The Hymns and Carols of Christmas

To An Old Fogey

(Who Contends that Christmas is Played Out)

Words: Sir Owen Seaman (1861–1936)
Vocal Recording: MP3 / OGG

Source: Louis Untermeyer, ed. (1885–1977). Modern British Poetry.  1920.
 Located at Bartleby. com: To An Old Fogey, http://www.bartleby.com/103/39.html
Accessed November 16, 2006

O FRANKLY bald and obviously stout!    
  And so you find that Christmas as a fête    
Dispassionately viewed, is getting out    
            Of date.

The studied festal air is overdone;
  The humour of it grows a little thin;    
You fail, in fact, to gather where the fun    
            Comes in.

Visions of very heavy meals arise    
  That tend to make your organism shiver;
Roast beef that irks, and pies that agonise    
            The liver;

Those pies at which you annually wince,    
  Hearing the tale how happy months will follow    
Proportioned to the total mass of mince      
            You swallow.

Visions of youth whose reverence is scant,    
  Who with the brutal verve of boyhood's prime    
Insist on being taken to the pant-    
            -omime.

Of infants, sitting up extremely late,    
  Who run you on toboggans down the stair;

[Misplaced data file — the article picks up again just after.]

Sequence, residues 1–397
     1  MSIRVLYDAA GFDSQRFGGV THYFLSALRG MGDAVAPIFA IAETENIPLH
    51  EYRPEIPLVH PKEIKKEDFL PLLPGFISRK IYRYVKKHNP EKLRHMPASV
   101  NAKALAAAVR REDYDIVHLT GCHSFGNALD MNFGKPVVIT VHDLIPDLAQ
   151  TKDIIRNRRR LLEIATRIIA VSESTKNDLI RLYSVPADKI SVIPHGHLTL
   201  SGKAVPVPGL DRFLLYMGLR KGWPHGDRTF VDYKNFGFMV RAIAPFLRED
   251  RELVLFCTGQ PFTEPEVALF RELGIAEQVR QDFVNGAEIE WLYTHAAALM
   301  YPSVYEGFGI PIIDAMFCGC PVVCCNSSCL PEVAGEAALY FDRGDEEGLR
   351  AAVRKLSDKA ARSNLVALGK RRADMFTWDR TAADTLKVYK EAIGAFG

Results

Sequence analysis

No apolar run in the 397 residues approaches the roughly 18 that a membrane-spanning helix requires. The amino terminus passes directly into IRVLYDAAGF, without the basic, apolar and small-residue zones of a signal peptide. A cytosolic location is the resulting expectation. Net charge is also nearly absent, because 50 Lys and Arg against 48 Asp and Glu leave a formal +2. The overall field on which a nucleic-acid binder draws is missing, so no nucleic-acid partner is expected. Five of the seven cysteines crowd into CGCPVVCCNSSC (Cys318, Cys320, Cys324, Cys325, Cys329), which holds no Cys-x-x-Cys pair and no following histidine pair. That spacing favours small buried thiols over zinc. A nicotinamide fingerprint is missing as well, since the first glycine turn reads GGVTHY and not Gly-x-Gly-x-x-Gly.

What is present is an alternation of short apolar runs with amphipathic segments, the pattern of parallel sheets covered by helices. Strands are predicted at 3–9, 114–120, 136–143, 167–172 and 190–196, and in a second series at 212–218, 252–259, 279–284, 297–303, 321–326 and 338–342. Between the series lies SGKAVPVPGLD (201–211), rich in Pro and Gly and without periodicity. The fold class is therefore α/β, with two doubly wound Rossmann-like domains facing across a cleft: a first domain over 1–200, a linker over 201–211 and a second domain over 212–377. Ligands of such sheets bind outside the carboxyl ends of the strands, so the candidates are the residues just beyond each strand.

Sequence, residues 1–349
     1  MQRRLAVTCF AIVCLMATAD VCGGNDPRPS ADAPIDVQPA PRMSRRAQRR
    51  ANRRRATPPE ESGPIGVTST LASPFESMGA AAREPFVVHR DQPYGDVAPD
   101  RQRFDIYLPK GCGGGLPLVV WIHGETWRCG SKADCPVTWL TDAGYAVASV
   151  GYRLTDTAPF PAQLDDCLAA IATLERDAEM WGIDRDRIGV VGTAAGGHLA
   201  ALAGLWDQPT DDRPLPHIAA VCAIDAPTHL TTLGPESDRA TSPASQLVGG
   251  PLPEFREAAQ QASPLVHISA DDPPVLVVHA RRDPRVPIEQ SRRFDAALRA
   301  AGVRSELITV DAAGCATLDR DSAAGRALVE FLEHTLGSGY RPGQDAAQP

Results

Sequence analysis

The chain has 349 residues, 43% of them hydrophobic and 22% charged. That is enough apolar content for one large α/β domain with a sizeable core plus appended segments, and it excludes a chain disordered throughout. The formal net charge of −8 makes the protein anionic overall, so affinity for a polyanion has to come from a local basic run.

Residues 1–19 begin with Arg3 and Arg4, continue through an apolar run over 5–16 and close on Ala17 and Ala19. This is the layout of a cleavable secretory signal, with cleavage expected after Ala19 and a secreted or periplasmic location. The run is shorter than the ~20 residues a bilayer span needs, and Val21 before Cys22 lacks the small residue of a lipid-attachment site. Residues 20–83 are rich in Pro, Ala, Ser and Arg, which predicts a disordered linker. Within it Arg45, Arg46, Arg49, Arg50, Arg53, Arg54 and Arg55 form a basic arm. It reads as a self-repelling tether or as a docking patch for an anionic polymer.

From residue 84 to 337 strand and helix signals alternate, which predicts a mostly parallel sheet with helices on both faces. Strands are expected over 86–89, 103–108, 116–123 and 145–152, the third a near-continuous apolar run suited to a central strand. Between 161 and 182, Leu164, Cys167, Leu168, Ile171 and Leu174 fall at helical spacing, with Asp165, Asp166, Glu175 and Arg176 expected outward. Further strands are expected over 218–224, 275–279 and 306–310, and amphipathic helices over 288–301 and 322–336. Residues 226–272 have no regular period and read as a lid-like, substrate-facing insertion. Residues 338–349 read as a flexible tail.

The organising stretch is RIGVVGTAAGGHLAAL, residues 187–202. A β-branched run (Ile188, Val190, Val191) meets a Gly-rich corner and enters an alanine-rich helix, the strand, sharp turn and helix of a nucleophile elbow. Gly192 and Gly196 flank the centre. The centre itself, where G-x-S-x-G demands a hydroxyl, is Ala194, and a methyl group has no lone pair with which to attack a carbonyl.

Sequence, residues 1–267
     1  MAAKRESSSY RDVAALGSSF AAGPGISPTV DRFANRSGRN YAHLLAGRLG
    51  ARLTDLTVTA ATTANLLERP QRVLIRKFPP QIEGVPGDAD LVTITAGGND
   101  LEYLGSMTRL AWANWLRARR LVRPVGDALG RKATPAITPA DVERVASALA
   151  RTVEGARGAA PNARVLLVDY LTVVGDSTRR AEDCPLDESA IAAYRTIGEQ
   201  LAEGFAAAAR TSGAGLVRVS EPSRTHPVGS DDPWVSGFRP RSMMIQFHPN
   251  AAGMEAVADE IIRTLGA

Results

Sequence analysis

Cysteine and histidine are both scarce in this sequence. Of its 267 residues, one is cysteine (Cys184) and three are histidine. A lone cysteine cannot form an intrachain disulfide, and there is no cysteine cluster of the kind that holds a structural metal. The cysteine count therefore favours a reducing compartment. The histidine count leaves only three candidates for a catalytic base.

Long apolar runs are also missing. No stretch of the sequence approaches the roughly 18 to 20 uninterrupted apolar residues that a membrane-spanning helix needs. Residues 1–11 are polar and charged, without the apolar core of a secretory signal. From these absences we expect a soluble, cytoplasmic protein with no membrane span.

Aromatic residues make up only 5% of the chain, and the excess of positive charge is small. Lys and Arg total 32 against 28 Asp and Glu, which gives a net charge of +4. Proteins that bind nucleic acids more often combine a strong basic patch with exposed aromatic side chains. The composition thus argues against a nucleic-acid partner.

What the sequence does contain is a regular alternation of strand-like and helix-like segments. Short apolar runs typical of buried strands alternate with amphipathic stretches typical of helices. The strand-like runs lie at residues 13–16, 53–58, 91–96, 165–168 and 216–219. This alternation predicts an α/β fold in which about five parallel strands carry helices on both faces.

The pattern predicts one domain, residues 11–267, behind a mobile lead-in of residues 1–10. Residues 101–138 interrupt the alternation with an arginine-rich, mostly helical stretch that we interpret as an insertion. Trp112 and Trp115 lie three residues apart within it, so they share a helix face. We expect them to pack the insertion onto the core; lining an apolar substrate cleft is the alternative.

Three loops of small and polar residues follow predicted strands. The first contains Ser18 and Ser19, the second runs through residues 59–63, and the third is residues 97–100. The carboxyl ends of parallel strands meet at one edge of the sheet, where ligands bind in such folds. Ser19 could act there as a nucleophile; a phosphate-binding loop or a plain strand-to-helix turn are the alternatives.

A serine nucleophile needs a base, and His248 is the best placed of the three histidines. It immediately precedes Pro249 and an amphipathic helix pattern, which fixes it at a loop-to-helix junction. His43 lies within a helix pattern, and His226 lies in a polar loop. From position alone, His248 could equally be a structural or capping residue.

Or make you fetch a rug and simulate    
            A bear.

This takes your faultless trousers at the knees,
  The other hurts them rather more behind;    
And both effect a fracture in your ease    
            Of mind.

My good dyspeptic, this will never do;    
  Your weary withers must be sadly wrung!
Yet once I well believe that even you    
            Were young.

Time was when you devoured, like other boys,    
  Plum-pudding sequent on a turkey-hen;    
With cracker-mottos hinting of the joys
            Of men.

Time was when 'mid the maidens you would pull    
  The fiery raisin with profound delight;    
When sprigs of mistletoe seemed beautiful    
            And right.

Old Christmas changes not! Long, long ago    
  He won the treasure of eternal youth;    
Yours is the dotage—if you want to know    
            The truth.

Come, now, I'll cure your case, and ask no fee:—
  Make others' happiness this once your own;    
All else may pass: that joy can never be    
            Outgrown!

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